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Crime News Snapped: Killer Couples

Elderly Spouses Behind Shocking Wyoming Murders That Went Unsolved For Decades

Two separate Wyoming cold cases cases led investigators to a husband and wife in their 70s who left a trail of bodies behind them.

By Joe Dziemianowicz

Wyoming is known for its wide open spaces -- and it’s a place where a murder mysteries could also stretch on for decades.

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Watch Snapped: Killer Couples on Oxygen Sundays at 6/5c and on Peacock. Catch up on the Oxygen App.

In 1976, Alice Prunty, a 37-year-old woman who’d married three times and had five children, came to Fremont County, Wyoming for a fresh start.  She found one with her neighbor, Gerald Uden, a man who also had been divorced three times who was taken by Alice's self-sufficiency. 

Five months after meeting, they married, according to Oxygen series “Killer Couples." They bought a farm in Wyoming and carved out a life together. 

In the summer of 1980, Gerald’s ex-wife Virginia Uden, and her sons from another marriage, Richard, 11, and Reagan, 10, who Gerald had adopted, moved to the same rural area. Their time there would be brief, however.

On September 13, 1980, Virginia and the boys were reported missing to the Fremont County Sheriff’s Department by her mother, Claire Martin. The three were supposed to go bird hunting with Gerald, who said they never showed up for their meeting. 

The car Virginia was driving, Claire’s station wagon, was found, but the mom and boys were nowhere in sight. The mystery deepened when investigators found bullet shells and blood in the car. 

Alice Uden Gerald Uden Kc 1510

Claire was convinced that Gerald had killed his ex-wife and sons, investigators told producers. The motive? Tension over child-support payments was suspected. Like Gerald, Alice deeply resented what she considered Virginia’s money grabs, according to officials.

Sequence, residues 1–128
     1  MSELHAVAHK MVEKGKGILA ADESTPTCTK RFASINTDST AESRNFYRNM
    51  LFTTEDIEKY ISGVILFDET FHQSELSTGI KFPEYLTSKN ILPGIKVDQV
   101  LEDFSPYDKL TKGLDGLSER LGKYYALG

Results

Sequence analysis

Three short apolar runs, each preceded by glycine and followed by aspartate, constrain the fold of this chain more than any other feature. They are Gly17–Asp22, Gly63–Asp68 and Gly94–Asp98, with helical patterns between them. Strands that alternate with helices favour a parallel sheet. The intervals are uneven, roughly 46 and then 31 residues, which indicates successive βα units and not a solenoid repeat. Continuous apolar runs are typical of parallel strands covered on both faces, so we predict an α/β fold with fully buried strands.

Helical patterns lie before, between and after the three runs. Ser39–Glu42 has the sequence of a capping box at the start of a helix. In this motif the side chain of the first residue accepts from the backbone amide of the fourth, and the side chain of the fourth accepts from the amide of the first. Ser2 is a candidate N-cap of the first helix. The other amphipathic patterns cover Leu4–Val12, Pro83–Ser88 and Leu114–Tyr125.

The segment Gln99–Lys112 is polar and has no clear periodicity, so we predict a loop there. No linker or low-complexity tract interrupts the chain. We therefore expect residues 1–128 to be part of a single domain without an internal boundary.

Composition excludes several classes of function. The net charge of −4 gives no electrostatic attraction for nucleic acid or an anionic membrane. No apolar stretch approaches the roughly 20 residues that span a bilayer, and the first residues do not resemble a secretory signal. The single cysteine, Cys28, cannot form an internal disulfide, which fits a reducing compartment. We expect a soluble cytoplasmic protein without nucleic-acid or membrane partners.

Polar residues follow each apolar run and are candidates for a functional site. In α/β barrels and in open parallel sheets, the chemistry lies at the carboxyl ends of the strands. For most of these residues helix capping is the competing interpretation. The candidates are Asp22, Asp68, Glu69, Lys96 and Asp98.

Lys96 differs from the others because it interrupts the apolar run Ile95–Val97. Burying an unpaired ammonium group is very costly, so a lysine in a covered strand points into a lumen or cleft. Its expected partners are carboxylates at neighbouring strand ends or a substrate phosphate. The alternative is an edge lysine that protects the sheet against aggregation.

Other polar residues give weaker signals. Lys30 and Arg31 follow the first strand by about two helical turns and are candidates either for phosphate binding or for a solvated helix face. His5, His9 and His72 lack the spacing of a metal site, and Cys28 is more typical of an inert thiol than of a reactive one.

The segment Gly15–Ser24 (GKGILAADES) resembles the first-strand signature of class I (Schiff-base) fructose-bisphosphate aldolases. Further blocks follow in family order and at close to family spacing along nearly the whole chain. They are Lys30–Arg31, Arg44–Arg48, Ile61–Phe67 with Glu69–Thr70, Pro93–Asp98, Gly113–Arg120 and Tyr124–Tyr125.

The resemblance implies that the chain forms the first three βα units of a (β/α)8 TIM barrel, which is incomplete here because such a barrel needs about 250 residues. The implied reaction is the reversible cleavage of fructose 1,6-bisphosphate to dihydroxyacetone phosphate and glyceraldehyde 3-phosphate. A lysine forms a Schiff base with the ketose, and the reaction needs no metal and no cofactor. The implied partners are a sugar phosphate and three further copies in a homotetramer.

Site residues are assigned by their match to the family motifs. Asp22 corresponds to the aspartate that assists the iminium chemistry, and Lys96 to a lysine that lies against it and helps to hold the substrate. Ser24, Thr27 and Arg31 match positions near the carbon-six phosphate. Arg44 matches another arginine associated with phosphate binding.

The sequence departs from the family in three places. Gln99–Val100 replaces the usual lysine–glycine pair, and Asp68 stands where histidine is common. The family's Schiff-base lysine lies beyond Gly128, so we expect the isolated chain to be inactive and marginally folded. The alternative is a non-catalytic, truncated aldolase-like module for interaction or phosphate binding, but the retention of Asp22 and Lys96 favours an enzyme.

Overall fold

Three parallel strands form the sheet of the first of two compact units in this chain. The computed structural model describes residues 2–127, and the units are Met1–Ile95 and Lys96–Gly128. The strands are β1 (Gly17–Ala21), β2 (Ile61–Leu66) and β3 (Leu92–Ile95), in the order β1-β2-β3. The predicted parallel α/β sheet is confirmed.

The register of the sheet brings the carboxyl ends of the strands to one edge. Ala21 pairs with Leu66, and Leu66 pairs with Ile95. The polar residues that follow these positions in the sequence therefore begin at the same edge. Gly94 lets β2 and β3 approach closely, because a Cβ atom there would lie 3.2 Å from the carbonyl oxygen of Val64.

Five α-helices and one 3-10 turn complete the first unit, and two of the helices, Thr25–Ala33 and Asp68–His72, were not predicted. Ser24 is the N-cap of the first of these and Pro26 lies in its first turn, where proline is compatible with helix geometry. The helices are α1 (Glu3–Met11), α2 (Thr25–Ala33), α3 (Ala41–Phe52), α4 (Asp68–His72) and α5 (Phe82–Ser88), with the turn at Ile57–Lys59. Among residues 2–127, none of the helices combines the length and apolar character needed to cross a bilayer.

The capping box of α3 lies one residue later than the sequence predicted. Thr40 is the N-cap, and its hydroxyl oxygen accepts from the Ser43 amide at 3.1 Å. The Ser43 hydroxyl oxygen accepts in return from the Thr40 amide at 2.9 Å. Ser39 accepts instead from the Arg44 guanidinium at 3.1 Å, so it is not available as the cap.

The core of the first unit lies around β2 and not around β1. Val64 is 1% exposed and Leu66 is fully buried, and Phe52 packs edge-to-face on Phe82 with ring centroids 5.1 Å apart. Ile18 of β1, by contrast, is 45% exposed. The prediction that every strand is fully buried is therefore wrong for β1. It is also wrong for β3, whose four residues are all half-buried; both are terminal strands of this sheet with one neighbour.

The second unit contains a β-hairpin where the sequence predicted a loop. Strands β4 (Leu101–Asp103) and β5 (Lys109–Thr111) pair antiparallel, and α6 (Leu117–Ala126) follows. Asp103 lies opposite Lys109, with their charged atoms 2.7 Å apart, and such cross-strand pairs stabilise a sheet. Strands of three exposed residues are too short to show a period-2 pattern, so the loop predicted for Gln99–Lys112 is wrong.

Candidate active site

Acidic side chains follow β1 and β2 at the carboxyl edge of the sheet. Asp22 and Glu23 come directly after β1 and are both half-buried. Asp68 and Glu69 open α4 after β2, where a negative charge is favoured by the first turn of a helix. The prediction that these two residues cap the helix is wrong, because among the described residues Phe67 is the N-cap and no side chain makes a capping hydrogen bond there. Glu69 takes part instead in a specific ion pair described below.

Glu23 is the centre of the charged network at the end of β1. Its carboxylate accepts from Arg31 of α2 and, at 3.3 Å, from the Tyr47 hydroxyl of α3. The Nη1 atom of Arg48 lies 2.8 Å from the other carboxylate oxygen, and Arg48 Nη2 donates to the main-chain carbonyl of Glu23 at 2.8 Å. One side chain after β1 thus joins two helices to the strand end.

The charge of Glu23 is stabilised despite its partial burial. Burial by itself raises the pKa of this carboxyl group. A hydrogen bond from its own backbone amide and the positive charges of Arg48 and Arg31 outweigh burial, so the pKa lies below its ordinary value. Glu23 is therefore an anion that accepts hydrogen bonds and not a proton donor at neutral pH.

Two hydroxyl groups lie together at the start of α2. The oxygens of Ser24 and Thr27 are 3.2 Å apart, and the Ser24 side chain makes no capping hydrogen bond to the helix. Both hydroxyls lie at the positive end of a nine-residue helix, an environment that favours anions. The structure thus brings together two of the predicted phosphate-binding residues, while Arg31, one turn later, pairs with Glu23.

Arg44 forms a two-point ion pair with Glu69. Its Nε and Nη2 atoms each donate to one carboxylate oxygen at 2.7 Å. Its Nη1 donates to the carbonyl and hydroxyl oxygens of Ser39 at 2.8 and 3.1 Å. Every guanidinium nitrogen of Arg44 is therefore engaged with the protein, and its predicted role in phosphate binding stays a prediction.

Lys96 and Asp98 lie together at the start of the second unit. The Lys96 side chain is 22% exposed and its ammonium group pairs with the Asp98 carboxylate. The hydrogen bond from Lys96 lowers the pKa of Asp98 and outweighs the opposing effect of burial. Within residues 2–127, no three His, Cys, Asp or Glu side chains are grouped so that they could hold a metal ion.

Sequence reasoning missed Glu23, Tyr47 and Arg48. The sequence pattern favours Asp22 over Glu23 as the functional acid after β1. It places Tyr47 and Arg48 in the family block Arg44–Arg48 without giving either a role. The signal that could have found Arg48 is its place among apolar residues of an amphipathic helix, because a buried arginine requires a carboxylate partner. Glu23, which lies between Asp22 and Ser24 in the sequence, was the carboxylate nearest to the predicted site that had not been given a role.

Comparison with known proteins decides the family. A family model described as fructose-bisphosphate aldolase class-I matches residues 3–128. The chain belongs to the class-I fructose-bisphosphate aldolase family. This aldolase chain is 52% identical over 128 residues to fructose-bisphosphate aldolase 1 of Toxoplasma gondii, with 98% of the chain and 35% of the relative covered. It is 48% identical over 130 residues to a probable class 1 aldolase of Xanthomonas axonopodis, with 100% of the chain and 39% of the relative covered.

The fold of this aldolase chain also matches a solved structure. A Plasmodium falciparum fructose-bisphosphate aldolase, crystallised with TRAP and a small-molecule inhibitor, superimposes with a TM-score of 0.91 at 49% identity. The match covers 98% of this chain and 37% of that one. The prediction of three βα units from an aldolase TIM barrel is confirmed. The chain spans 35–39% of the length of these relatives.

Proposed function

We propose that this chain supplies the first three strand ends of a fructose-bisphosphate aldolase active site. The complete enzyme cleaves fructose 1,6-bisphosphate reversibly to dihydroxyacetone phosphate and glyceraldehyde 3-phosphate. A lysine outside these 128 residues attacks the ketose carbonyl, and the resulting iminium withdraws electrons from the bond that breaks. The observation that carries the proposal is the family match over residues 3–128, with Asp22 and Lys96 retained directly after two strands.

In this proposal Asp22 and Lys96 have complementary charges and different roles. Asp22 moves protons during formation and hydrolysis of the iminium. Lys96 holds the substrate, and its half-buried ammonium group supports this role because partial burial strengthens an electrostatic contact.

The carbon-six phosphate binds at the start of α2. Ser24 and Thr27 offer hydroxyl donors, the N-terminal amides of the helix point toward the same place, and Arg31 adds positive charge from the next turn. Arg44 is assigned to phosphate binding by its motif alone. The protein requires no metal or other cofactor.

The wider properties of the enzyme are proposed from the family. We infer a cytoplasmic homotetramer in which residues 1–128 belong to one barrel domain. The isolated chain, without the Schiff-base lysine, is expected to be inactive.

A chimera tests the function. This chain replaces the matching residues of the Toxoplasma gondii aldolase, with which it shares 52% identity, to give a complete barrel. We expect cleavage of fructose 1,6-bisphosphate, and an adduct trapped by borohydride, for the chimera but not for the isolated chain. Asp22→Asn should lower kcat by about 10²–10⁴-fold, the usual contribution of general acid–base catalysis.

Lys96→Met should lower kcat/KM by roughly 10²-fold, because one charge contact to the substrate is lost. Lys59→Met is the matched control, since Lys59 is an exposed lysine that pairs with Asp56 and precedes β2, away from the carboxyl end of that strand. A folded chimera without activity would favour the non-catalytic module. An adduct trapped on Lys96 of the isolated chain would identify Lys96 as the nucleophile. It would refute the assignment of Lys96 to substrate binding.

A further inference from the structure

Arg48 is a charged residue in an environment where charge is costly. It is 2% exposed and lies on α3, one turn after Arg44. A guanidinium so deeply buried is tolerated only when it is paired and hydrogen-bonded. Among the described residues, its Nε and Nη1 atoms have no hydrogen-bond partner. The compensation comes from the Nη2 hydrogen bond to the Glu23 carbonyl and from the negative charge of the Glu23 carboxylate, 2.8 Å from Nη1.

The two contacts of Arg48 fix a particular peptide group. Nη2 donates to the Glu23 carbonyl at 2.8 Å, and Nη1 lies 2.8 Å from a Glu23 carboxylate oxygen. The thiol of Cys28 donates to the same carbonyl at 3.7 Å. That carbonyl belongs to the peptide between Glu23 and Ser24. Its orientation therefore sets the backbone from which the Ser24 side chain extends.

On November 14, 1980, Gerald and Alice were questioned about the disappearances. Alice was emotionally overwhelmed, while Gerald became physically sick from his ex-mother-in-law’s accusations and terminated the interview. 

Investigators said that Gerald’s response raised red flags. Moreover, Gerald also cryptically asserted that without bodies no crime could be proven, officials said. Despite their suspicions, investigators were unable to find any evidence linking Gerald or Alice to the trio’s disappearances. 

Years passed without any leads. In 1982, dogged by police pressure and community suspicion, Gerald and Alice uprooted. They sold their farm and moved 1,100 miles to Chadwick, Missouri. Another dozen years went by and nothing new materialized in the missing-persons case. 

But in 1994, Alice’s son, Todd Scott, dropped a bombshell on authorities. He said that his mother confessed to being involved in a murder -- but not the deaths of Virginia and the boys. She’d said she killed her husband, Ronald Holtz, a volatile Vietnam War vet prone to violence. 

Their romance had begun in a psychiatric hospital and their marriage was tumultuous from the get-go. She filed for divorce in 1974 and he reportedly left, never to be seen again. Alice’s son said that his mother told him she shot Ronald in the back of the head. She’d then stashed the body in a barrel and dumped it down an abandoned mine shaft. 

Investigators dug deep to verify the chilling story, and they also considered the possibility that Alice could have harmed Virginia and her sons. The search for the remains in the shaft hit a brick wall, though, and the case went cold for yet another 11 years.